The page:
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Please use this identifier to cite or link to this item: http://purl.umn.edu/15508

Title: IMPACTS OF ADVERTISING, ATTITUDES, LIFESTYLES, AND HEALTH ON THE DEMAND FOR U.S. PORK: A MICRO-LEVEL ANALYSIS
Authors: Capps, Oral, Jr.
Park, Jaehong
Keywords: branded advertising and promotion
CSFII/DHKS (1994-96)
generic advertising and promotion
pork demand
pork checkoff
Issue Date: 2002-04
Abstract: Using datat from the 1994-1996 CSFII/DHKS, we identify and assess factors affecting the decision to consume pork and conditional on consuming pork, the decision of the amount of pork intake. Branded and generic advertising of pork play a prominent role in both decisions. Beef advertising, however, does not significantly affect either the probability of consuming pork or the amount of pork intake. Key health, attitudinal and lifestyle factors are smoking status, dietary status, body mass index, the importance of nutrition in buying food, and trimming visible fat from meat. These factors however impact the probability of consuming pork rather than the amount of pork consumed. Region, urbanization, race, age, income, and seasonality also affect pork demand.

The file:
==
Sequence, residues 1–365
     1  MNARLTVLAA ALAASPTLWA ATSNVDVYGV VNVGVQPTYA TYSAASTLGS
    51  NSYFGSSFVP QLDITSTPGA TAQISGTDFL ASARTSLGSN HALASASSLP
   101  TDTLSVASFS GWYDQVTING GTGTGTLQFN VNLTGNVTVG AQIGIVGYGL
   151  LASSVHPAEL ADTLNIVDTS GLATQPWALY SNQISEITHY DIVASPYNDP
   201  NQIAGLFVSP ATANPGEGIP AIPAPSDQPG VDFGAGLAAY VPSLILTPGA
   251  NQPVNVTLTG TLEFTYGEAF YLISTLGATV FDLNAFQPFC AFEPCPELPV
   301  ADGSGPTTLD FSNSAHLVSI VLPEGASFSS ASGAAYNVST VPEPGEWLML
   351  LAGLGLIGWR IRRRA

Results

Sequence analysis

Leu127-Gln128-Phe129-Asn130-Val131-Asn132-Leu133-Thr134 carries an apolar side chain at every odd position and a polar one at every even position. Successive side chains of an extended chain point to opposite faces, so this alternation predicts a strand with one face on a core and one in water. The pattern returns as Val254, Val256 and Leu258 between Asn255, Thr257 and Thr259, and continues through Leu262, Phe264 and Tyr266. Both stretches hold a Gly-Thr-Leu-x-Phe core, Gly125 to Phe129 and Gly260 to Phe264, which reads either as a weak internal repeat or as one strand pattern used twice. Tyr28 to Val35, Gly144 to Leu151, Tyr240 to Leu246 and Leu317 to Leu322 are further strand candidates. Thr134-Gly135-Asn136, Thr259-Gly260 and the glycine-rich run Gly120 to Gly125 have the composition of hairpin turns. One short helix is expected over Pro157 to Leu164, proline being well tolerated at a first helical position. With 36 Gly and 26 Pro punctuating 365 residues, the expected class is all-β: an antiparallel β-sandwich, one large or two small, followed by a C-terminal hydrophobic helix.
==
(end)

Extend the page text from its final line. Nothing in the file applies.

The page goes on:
URI: http://purl.umn.edu/15508
Institution/Association: Journal of Agricultural and Applied Economics>Volume 34, Number 01, April 2002
Total Pages: 15
Language: English
From Page: 1
To Page: 15
Collections:Volume 34, Number 01, April 2002

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